After earning 50 years prison term for his role in neighboring Sierra Leone, the life of Taylor is nothing but a dead snake, which of course is feared, but in truth is lifeless and harmless and is only good for the vultures of the field. Taylor is a living cadaver who has been caged perhaps for the rest of his life. He  has no dreams, no role to play and no way to influence or control the politics of Liberia and so the use of his name in a competitive political race where every candidate is rated on the basis of  his/her name and qualification is absolutely preposterous, to say the least.

It is therefore  saddened that the author and his experts are living in the past and are  still playing the Charles Taylor card and still clinging to and singing  “Taylor this, Taylor that, they say, you say , and I say insanity mantra”  like raging wrecks in deep seas when Liberians are moving forward with their lives. The plain ‘stupidity’ is not in Weah’s selection of Jewel but in the poor analysis of the likes of Aminu who has been silent on the robbery in his home country, Nigeria where over US$150 billion had been stolen over a period of ten years under former President Goodluck Jonathan.

Of course, Nigeria like Liberia is rich in natural resources, but in the streets of Surulele and other parts of Lagos and the countryside, life there is synonymous to hell. What has Aminu said about this? Aminu and his likes would not  discuss what  has given birth to Boko Haram, a criminal gang of mad Muslims wreaking havoc in his home country because as a Nigerian himself and a disappointed ‘expert’   he prefers to remove the mote from the eyes of others rather than himself.  Weah or Boakai has no link to past terror campaigns in Liberia and whoever wins will have to learn to work with all Liberians.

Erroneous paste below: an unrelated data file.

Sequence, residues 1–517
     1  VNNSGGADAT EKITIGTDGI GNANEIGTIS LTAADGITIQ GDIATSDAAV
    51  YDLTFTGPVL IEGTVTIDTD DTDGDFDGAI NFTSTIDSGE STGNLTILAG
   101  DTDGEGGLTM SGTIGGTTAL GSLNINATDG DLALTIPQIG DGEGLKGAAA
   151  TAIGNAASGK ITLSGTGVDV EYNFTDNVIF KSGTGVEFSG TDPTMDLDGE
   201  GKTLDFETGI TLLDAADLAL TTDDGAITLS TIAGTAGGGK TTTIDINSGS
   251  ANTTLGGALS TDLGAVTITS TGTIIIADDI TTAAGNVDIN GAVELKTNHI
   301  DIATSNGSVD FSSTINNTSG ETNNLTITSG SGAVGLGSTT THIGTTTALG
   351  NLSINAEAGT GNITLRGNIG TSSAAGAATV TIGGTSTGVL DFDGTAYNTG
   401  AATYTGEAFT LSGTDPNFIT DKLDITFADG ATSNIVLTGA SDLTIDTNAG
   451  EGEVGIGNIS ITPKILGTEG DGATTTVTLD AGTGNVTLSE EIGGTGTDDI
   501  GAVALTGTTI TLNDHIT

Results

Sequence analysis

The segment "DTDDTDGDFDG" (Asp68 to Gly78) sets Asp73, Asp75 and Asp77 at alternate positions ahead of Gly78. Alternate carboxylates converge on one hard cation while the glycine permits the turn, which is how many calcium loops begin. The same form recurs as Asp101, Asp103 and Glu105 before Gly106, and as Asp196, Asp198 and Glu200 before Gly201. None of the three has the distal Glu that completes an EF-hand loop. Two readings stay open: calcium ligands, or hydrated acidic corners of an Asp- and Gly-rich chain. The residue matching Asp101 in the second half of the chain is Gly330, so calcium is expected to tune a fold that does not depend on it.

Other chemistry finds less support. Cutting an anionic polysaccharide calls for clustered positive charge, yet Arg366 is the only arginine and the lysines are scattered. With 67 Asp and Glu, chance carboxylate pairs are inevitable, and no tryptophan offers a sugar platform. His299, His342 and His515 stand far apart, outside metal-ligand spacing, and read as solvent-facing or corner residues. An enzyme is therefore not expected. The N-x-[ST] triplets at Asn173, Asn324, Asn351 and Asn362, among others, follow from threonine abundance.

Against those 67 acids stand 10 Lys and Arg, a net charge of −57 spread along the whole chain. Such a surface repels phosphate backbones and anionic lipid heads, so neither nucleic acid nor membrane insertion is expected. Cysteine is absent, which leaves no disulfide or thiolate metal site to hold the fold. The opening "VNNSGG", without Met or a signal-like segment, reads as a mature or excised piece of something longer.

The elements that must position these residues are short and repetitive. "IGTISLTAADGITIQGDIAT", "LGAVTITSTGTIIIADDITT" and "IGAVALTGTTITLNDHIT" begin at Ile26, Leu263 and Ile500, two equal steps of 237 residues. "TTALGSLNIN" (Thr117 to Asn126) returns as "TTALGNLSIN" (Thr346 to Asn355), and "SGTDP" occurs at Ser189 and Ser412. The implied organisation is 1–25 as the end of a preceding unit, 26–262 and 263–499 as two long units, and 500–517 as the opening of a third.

The fact that Weah has started to reach out to all Liberians prior to the polls shows that he is ready for a real change. May be we need to ask the GARA to help us provide the name of the ‘fellow’ from Brookings Institute so that he can tell us whether it is a crime for all Liberians to work together for the good of the country or not. In these critical times of our history, it behooves our colleagues in Globe Afrique to advise the authors of GARA not to use its platform for the political gains of one group of Liberians or a presidential candidate at the expense of others.

I think the GARA article and analysis are based on tribal or political influence and appeared more judgmental than professionalism and should not be entertained. While diversity of opinion on critical national issues is fundamentally central to our current democratic exercise, it would be proper for the author to write in his own name and express his own personal opinion rather than using Globe Afrique as a platform to badmouth the CDC ticket.